The plaintiff brought an action for assault and battery and false imprisonment, charging that the defendant imprisoned him in the penitentiary of the District of Columbia. The defendant pleaded the general issue, and several special pleas, in which he denied the force and injury and set up that he, as Marshal of the District of Columbia, imprisoned the plaintiff by virtue of the authority of the President of the United States in the execution of a sentence of a naval court martial, convened under an Act of Congress of the 23d of April, 1800; which sentence was approved by the Secretary of the Navy, which was final and absolute, and denying the jurisdiction of the court. The plaintiff filed a retraxit, admitting that there was no battery other than the imprisonment in pursuance of the sentence of the court martial.
The charge by the Secretary of the Navy was desertion, with this specification:
"That on or about the twelfth day of September, in the year of our Lord one thousand eight hundred and fifty-four, Frank Dynes deserted from the United States ship Independence, at New York."
He pleaded not guilty. After hearing the evidence, the court declared,
"We do find the accused, Frank Dynes, seaman of the United States navy, as follows:"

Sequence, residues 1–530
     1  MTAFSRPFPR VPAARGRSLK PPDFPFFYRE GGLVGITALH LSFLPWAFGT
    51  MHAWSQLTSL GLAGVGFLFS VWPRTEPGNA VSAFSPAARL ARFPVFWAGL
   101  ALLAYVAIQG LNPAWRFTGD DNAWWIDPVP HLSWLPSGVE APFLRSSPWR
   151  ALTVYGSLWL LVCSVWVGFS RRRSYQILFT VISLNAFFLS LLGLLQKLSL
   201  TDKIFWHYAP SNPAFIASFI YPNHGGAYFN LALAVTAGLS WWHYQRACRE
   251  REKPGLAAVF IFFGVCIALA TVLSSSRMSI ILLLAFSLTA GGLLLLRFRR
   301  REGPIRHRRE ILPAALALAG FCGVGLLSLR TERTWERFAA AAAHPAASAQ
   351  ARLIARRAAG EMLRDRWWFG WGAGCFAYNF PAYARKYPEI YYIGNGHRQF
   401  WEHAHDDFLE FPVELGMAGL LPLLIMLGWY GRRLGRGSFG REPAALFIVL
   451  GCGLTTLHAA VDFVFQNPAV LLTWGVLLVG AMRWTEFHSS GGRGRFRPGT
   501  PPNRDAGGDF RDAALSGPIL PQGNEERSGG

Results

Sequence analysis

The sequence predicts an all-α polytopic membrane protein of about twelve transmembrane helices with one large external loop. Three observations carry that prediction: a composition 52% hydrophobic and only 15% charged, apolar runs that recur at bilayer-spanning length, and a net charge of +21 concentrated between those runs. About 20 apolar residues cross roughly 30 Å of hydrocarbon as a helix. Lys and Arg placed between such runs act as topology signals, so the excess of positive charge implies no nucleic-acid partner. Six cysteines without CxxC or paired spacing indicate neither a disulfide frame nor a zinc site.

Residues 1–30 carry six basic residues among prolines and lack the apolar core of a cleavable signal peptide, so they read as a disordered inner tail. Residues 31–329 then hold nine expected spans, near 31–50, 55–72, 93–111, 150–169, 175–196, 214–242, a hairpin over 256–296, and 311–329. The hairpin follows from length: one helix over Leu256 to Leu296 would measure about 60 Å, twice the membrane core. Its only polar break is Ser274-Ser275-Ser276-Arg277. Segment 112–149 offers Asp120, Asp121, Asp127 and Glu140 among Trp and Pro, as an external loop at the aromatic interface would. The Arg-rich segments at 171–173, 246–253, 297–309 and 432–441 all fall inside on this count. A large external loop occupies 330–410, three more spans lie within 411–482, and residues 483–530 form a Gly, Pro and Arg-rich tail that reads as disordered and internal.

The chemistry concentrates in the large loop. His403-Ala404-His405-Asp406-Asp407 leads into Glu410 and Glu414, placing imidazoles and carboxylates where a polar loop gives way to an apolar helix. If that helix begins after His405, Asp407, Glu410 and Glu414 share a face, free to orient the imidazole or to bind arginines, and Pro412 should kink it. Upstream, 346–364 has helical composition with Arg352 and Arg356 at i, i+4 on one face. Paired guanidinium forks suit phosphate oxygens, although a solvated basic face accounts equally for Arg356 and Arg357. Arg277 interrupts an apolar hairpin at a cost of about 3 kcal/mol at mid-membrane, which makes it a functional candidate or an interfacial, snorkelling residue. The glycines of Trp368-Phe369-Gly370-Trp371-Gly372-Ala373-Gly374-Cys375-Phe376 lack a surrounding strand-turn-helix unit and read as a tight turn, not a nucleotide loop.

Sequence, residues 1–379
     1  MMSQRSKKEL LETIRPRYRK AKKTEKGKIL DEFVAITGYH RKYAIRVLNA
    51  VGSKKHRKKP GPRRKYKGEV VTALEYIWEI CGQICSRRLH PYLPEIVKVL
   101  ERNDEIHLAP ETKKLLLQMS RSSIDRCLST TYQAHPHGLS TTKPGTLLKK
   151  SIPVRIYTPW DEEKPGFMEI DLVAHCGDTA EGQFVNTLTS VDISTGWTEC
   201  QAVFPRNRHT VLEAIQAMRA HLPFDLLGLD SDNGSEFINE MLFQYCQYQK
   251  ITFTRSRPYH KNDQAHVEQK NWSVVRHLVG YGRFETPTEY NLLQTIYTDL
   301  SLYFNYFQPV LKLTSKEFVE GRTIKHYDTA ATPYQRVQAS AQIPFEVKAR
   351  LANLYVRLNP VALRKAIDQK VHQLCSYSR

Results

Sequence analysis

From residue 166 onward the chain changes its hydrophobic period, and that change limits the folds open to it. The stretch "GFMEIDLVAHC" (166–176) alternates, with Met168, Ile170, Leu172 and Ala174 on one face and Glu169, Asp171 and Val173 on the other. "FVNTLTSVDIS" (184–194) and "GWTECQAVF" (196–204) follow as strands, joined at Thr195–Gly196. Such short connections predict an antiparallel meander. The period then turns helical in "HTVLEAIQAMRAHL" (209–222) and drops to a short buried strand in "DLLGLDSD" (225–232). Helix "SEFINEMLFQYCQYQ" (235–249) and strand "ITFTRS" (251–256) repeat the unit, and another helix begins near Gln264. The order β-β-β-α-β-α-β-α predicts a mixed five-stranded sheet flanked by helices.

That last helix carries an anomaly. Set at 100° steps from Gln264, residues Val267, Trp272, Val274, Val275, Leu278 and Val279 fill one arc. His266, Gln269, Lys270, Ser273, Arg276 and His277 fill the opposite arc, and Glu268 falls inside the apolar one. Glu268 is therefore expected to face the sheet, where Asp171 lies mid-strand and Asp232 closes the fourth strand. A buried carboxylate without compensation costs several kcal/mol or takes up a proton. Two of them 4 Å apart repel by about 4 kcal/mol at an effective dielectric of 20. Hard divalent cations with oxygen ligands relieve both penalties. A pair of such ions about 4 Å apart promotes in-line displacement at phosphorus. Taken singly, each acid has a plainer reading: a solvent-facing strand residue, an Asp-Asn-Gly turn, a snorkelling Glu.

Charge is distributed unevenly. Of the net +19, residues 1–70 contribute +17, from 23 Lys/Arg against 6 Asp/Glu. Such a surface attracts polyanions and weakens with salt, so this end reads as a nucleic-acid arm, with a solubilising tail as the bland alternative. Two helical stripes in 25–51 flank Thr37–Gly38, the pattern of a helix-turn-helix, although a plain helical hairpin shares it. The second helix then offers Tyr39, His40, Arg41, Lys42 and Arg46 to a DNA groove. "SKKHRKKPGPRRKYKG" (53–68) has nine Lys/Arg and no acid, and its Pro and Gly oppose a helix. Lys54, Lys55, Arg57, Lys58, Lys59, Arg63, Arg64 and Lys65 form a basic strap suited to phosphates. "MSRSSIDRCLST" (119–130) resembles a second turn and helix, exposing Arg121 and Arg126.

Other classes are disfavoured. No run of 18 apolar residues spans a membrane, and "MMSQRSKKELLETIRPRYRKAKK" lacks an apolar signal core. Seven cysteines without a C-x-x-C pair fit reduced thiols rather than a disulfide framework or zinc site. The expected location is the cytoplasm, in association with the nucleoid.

"Of the specification of the charge, guilty of attempting to desert; of the charge, not guilty of deserting, but guilty of attempting to desert; and the court do thereupon sentence the said Frank Dynes, a seaman of the United States navy, to be confined in the penitentiary of the District of Columbia, at hard labor, without pay, for the term of six months from the date of the approval of this sentence, and not to be again enlisted in the naval service."
This conviction and sentence was approved by the Secretary of the Navy, on the 26th of September, 1854. The prisoner was then brought from New York to Washington, in custody, and the President, reciting the trial and sentence, made the following order upon the defendant, the marshal, in relation to carrying the judgment of the court into execution.